Date functions are often used in combination with modeled sheet Date columns. Date functions only display in modeled sheet calculated accounts. Syntax Description
`ToDate (Y, M, D)` Returns the date specified by the given year (`Y`), month (`M`), and day (`D`). If `D` is omitted, `15 `is used. The value returned may be used as an argument in other functions which take a date.
`(Date).stratum_code`

Returns the `Timeperiod` of the requested strata type which contains the (single, Gregorian) Date. Any date can be used as the base of the stratum code. Example: `ToDate``(2016,8,5).Qtr` returns the fiscal calendar quarter that contains Aug 5 2016.

`Day (D)` Returns the day of the month for date (`D`).
`Month (D)` Returns the month in which date (`D`) occurs.
`Quarter (D)` Returns the calendar quarter in which date (`D`) occurs. This may not be the same as your company's fiscal quarter (see below).
`Year (D)`  Returns the year in which date (`D`) occurs regardless of whether a custom calendar is used or not.
`FiscalMonth (D)`

Returns the month of the fiscal year in which date (`D`) occurs.

For instances configured with a custom calendar, `FiscalMonth (D)` may return an error. Use `D.Year.PositionOf(D.Month).` instead.

`FiscalQuarter (D)`

Returns the quarter of the fiscal year in which date (`D`) occurs.

For instances configured with a custom calendar, `FiscalQuarter (D)` may return an error. Use `D.Year.PositionOf(D.Qtr).` instead.

`FiscalYear (D)`

Returns the fiscal year in which date (`D`) occurs.

For instances configured with a custom calendar, `FiscalYear` may return an error. Use `ToNumber``(D.Year.code).` instead.

`VersionMonth (D)`

Returns a number that represents the month of the version in which the date (`D`) occurs (first month = `0`).  This number can be negative if the date (`D`) is earlier than the start of the version.

For instances configured with a custom calendar, `versionMonth` may return an error. Use `this.Version.PositionOf(D.Month)` instead.

`VersionYear (D)`

Returns a number that represents the year of the version in which the date (`D`) occurs (first year = `0`).  This number can be negative if the date (`D`) is earlier than the start of the version.

For instances configured with a custom calendar `versionYear` may return an error. Use `this.Version.PositionOf(D.Year)` instead.

`Version.PositionOf (timeperiod)`

Returns the relative order of the provided time period within the entire span of the version. The first time period in a version starts with 1 and the order number can be negative if the time period occurs before the start of the version. This function also works with a time period that is beyond the end of the version.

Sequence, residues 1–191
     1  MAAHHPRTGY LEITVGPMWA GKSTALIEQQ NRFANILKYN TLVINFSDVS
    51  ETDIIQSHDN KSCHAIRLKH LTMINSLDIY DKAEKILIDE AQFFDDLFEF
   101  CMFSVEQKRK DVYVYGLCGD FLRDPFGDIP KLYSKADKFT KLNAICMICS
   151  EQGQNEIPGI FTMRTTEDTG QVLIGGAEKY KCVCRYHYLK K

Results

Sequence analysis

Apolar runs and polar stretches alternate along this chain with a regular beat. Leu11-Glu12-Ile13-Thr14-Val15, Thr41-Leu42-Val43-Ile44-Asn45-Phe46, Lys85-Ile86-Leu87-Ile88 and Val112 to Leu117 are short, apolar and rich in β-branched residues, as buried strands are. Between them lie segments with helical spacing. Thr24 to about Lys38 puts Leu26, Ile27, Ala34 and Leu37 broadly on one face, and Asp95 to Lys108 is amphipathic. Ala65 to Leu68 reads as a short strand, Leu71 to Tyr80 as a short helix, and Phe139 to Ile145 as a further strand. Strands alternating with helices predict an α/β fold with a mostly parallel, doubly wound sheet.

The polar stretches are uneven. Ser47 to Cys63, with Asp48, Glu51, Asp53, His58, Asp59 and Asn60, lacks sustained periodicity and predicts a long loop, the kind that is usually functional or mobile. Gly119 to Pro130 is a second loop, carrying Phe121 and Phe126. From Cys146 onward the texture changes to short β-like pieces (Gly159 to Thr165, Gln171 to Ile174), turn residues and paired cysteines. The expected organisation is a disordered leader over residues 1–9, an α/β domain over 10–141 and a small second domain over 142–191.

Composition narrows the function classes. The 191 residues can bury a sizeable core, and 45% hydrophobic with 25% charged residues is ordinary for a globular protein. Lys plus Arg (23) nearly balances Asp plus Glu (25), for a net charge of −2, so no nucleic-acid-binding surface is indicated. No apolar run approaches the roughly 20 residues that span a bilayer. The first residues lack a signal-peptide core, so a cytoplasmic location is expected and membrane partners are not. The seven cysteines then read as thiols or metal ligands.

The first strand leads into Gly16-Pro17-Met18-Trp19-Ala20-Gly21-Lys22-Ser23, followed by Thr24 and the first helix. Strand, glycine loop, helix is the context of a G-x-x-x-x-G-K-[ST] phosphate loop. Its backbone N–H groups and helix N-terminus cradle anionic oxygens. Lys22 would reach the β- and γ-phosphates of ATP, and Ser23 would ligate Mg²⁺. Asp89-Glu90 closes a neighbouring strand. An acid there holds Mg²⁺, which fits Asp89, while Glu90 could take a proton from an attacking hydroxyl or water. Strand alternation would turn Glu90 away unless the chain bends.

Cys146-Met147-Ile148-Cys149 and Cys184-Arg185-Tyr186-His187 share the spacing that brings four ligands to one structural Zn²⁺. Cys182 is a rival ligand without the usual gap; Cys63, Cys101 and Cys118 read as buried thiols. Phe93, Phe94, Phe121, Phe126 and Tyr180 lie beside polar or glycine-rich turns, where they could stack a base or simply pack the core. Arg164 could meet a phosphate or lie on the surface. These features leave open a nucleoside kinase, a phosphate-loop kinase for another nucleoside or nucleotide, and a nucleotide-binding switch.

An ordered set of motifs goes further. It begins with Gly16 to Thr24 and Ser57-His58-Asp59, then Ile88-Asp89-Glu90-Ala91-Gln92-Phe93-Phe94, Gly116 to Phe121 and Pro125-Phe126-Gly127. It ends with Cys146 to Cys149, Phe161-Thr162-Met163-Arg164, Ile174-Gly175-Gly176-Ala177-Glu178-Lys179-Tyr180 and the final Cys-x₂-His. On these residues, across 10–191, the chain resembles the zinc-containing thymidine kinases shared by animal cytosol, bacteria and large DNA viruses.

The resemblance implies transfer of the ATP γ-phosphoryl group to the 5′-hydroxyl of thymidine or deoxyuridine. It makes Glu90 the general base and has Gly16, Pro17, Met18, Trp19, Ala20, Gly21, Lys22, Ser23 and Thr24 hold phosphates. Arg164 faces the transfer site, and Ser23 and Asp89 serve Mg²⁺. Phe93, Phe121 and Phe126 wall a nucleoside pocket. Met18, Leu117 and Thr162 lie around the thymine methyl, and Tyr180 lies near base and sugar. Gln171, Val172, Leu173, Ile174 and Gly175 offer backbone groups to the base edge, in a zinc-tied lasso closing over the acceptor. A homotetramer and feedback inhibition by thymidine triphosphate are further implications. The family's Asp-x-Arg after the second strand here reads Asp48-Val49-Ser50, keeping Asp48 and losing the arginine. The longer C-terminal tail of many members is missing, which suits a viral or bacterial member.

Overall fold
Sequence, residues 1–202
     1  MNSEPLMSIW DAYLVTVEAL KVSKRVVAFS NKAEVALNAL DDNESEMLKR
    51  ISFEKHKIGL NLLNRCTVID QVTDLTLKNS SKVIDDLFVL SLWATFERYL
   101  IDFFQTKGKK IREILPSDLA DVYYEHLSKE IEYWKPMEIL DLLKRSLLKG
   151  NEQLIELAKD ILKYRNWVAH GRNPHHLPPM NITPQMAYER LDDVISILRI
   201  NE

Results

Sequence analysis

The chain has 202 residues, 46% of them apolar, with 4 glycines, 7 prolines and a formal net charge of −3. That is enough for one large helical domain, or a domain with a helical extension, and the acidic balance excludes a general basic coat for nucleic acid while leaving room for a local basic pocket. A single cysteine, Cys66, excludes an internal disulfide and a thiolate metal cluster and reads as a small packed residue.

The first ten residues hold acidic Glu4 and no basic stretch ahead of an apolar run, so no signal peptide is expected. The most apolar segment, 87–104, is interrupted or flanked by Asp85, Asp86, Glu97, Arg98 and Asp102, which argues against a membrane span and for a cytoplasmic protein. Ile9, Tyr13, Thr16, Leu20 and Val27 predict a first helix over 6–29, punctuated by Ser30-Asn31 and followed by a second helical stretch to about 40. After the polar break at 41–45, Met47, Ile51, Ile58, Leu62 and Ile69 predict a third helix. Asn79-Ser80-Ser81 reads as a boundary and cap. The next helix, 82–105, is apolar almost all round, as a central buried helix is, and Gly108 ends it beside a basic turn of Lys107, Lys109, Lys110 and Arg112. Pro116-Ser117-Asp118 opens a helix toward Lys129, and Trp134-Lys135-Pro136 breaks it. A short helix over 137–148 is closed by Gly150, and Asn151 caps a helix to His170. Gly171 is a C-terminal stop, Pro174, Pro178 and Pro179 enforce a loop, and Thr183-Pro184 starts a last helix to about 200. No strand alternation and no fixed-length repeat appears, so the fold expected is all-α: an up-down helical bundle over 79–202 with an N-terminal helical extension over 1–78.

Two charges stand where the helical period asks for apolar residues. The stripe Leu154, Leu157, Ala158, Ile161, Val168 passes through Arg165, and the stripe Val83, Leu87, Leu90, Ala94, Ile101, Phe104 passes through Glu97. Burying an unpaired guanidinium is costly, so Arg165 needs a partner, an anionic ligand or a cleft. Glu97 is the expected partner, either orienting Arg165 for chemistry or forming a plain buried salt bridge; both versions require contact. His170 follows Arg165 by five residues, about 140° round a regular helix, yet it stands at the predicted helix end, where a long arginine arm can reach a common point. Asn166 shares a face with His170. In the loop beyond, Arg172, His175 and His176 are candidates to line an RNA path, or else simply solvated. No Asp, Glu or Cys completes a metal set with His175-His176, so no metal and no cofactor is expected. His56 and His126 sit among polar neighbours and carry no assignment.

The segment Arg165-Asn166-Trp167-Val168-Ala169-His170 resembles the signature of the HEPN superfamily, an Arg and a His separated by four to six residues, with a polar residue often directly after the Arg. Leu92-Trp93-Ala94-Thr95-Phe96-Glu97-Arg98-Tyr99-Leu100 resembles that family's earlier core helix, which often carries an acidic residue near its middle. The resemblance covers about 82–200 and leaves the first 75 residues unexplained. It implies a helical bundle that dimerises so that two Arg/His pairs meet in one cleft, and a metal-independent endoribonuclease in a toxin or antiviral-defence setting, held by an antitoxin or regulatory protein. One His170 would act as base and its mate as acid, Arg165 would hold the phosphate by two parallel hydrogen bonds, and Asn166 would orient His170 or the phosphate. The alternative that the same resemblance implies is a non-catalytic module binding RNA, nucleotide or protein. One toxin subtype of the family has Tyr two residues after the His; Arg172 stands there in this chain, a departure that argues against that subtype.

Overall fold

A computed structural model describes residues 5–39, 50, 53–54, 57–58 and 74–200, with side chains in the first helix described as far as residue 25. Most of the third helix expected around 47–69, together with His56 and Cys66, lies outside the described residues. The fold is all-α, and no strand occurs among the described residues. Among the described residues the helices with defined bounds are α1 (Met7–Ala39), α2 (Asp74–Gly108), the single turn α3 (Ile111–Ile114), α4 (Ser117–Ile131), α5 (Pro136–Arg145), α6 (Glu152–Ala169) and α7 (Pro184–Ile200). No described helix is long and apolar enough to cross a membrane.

`DaysInMonth (D)` Returns the number of days in the month in which date (`D`) occurs. For instances configured with a custom calendar, use `D.Month.NumberOfDays.`
`MonthFraction (D1, D2, D)` Returns the portion of the current month which occurs between the start date (`D1`) and the end date (`D2`). If an optional date (`D`) is specified, uses the month in which `D` occurs, instead of the current month. For instances configured with a custom calendar, use `TimeFraction`` (D1, D2, D).`

## String Functions

Syntax Description
`Concat (text1, text2, ...)`

Returns a concatenated string by joining two or more text strings.
Example: `Concat ("hello", "world")` returns "`helloworld"`.

`Length (text)`

Returns the number of characters in a text string.
Example: `Length ("Now, is the winter of our discontent. Made glorious summer by this son or York.")` returns `79`.

`Search (source_text, search_text)`

Returns the starting position of `search_text` in `source_text`. Returns `0` if `search_text` is not found. Search is not case-sensitive.
Examples:
`Search ("Now is the winter of our discontent.", "Winter")` returns `12`.
`Search ("Now is the winter of our discontent.", "Summer")` returns `0.`

`Substring (source_text, start_position, length)`

Returns a text string containing the characters found in `source_text` starting at `start_position` (where position `1` is the first character of the text string) and running for `length` (or up to the end of the text string, whichever is encountered first).

Selecting a `start_position` of `0` or less is treated as though it were position `1`. Selecting a length of `0` or less is treated as a length of `0` and returns an empty string. Selecting a `start_position` which is after the end of `source_text` returns an empty string.

`ToNumber (text)`

Converts a text string representing a number to its numeric value. Will convert the leading part of the string until a non-numeric character is found.
Examples:
`ToNumber ("7")` returns `7`.
`ToNumber ("2017-12-31")` returns 2017 (a number).
`ToNumber ("Sample)` returns O.

## Examples

The following is a Headcount formula from a Personnel modeled sheet. It is a good example of how functions can be combined. This formula returns a binary result: `1` or `0`.

```If(this.Version.PositionOf(this.Month) >= this.Version.PositionOf(ROW.StartDate.Month)   # if this month is after the person's start date    and (isblank(ROW.EndDate)                                                             # and either they have no termination date       or this.Version.PositionOf(this.Month) <= Version.PositionOf(ROW.EndDate.Month)),  # or the current month is before termination date    1, # return 1 for their headcount in this month    0) # otherwise, return 0```